16 November 2018

Namibia: Prisoner Urges Men to Accept Break-Ups

Windhoek — A man serving time at Windhoek Correctional Facility for killing his girlfriend has urged men to amicably accept women's decision to end intimate relationships.

Former teacher Rachimo Haradoeb, 48, said should he have accepted his girlfriend choice that she no longer wanted him, he would not be behind bars.

Haradoeb, from Khorixas, murdered his girlfriend in 1998 while posted as a teacher to the southern part of the country.

He was sentenced to 35 years in 2006.

Haradoeb was amongst speakers at the #BreakFree event at a Windhoek private school. The event is one of First Lady Monica Geingos' projects aimed at addressing violence, including gender-based violence.

"And I am telling you today, if I had accepted [her decision] I would not be where I am today - that's why I am ashamed. I am a professional teacher and went to school in order to impart knowledge to the children," he said.

"This GBV [gender-based violence] doesn't discriminate, you can be a professional, or have qualifications. But if you don't look after yourself or accept your situation, you will end up where I am today. I am urging you, it is painful," said Haradoeb, who added that he was not proud to stand in front of the spectators in his current capacity.

Giving a brief background about himself, Haradoeb said he is third-born of seven children and was raised by a single mother in Khorixas.

He never respected woman while dating them and did what he wanted to do, he conceded. "I make them (woman) fall in love with me and then I proceed to the next one," he shared.

He stated that after completing his tertiary education at University of Namibia (Unam) he was posted to the south when he fell in love with the late woman.

He added that he was 'messing around' with women and telling them lies. That, he said, was what infuriated his girlfriend who then decided to end the relationship.

"And being a man, no woman dumped me. I was the one who dumped them. And this one, out of nowhere, was dumping me. I couldn't accept it and committed this crime," he remarked.

Haradoeb noted with concern that despite strong condemnation against GBV, perpetrators especially men, continue committing the crime. He said men are not learning and continue to commit these violent crimes.

At the same occasion, Haradoeb asked forgiveness for the crime he has committed. "And I am making use of this opportunity asking for forgiveness. Please forgive me. I am sorry for what I have done. The Commissioner General, Raphael Hamunyela, made me live my profession. I am still teaching at the correctional facility. I am a Namcol tutor for Grade 10 and 12," he said.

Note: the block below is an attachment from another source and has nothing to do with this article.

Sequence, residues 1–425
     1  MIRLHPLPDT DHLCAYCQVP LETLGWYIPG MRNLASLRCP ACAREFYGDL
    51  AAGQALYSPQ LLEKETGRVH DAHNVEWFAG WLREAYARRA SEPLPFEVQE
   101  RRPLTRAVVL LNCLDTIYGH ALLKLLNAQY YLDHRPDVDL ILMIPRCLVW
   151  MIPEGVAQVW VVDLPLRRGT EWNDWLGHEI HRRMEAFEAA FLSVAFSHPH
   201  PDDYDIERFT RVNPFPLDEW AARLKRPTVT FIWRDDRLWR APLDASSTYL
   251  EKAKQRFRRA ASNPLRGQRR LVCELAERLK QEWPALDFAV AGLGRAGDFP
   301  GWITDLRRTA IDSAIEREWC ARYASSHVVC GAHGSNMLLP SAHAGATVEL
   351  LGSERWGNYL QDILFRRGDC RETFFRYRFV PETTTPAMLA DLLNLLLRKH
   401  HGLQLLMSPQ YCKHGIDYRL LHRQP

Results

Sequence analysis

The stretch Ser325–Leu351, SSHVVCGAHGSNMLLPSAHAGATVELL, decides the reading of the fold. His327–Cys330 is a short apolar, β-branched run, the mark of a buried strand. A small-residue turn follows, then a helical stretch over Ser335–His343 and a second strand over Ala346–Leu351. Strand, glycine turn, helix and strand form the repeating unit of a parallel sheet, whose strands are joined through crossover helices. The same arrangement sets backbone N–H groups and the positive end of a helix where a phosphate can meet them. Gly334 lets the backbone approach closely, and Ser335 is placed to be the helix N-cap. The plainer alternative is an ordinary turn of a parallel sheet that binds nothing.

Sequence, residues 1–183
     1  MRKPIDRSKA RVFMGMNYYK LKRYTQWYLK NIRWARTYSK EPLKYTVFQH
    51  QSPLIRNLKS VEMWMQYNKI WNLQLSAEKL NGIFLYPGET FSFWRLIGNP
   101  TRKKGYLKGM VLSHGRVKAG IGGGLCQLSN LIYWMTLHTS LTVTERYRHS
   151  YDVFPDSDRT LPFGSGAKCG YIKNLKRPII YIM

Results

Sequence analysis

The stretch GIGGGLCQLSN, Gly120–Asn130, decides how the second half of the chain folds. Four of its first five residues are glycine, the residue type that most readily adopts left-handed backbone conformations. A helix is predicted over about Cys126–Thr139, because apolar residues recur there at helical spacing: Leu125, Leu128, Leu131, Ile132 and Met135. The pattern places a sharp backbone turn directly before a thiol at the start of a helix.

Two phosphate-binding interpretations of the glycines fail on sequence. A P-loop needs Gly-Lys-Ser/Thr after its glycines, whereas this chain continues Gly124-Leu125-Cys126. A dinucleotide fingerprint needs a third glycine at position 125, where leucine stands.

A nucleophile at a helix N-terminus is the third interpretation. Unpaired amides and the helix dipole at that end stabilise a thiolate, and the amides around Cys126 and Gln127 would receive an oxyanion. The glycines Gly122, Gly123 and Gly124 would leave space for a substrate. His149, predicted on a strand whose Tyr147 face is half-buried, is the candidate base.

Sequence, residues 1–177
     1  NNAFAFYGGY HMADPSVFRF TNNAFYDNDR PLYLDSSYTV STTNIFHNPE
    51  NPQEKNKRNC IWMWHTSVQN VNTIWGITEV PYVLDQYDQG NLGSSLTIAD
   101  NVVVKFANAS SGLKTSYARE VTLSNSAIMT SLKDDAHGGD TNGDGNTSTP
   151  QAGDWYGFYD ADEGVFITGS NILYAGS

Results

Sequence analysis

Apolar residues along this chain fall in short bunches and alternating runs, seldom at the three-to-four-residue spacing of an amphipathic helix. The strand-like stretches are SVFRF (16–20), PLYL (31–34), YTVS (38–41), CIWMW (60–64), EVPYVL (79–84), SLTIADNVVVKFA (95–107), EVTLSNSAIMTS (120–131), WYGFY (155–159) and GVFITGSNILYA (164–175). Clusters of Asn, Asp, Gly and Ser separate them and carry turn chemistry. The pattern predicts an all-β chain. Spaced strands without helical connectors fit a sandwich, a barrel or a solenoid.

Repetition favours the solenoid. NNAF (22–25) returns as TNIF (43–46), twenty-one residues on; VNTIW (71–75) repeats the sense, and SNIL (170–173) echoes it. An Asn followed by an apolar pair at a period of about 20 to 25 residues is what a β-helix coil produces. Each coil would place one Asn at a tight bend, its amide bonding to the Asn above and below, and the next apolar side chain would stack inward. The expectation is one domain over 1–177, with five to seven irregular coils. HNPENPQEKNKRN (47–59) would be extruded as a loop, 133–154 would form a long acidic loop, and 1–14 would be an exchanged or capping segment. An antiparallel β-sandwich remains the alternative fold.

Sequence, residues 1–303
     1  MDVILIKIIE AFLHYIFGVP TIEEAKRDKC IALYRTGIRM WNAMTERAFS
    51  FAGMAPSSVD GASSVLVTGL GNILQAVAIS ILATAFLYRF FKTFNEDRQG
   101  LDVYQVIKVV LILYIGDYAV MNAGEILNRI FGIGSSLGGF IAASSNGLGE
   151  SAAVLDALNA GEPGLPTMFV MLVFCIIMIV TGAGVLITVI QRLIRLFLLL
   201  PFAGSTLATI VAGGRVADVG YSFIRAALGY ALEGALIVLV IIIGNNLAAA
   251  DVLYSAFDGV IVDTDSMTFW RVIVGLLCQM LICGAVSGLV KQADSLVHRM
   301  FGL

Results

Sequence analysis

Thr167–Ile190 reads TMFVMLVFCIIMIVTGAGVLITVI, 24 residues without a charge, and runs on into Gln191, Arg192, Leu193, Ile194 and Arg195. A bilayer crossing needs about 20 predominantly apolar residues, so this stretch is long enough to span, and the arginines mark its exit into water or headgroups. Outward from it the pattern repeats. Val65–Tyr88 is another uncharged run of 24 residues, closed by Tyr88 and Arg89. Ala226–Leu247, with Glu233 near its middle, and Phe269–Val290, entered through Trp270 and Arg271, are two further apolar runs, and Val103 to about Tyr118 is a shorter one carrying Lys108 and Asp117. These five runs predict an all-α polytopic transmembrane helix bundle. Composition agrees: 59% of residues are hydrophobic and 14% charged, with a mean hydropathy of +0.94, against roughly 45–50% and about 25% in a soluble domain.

New Era learnt Haradoeb completed his Bachelor of honours in Education with Unam during 2015 and is currently doing his Master in Education with the same university. He also completed a certificate in local government studies this year.

The father of 11 said he is taking care of his children with his income as an education promoter at the facility.

Similarly, fellow inmate Collin Swartbooi, who spoke at the same occasion, advised people not to be overcome by anger.

Swartbooi murdered a man during 2003, while at a drinking place, following a confrontation between the pair. He is serving 25 years at the facility.

Having been a victim of violence himself, during which he was stabbed three times in separate incidents, Swartbooi had made a decision that he will not allow anyone to touch him again and that he would be the first to react in physical encounters.

During 2003, he woke up one morning after a night of drinking and went to a shebeen to 'fix" his hangover. He said while at the drinking place, he met a guy who later started insulting him. "I got angry and couldn't control my anger anymore. I decided to walk out and went to my father's house, took the gun and went back. I wanted to show off and scare this guy," he told the gathering.

Upon his return to the shebeen, Swaartbooi started threatening the man and a different man approached him, held his arm and started wrestling. It was during this period when a shot went off and shot the guy he was arguing with, he said.

"Because I couldn't control my anger, I couldn't walk away. A young man lost his life. He had a future, which I deeply regret today. Swaartbooi said he was sentenced to prison while his girlfriend was pregnant and his consequences are affecting his daughter today.

"When she come and visit, she asked daddy when are you going out. When she was seven, she asked me what I did to be in prison. I didn't know how to explain to her. It took me a year to prepare myself and tell her."

He advised young people to control their anger and seek help if they have anger issues.

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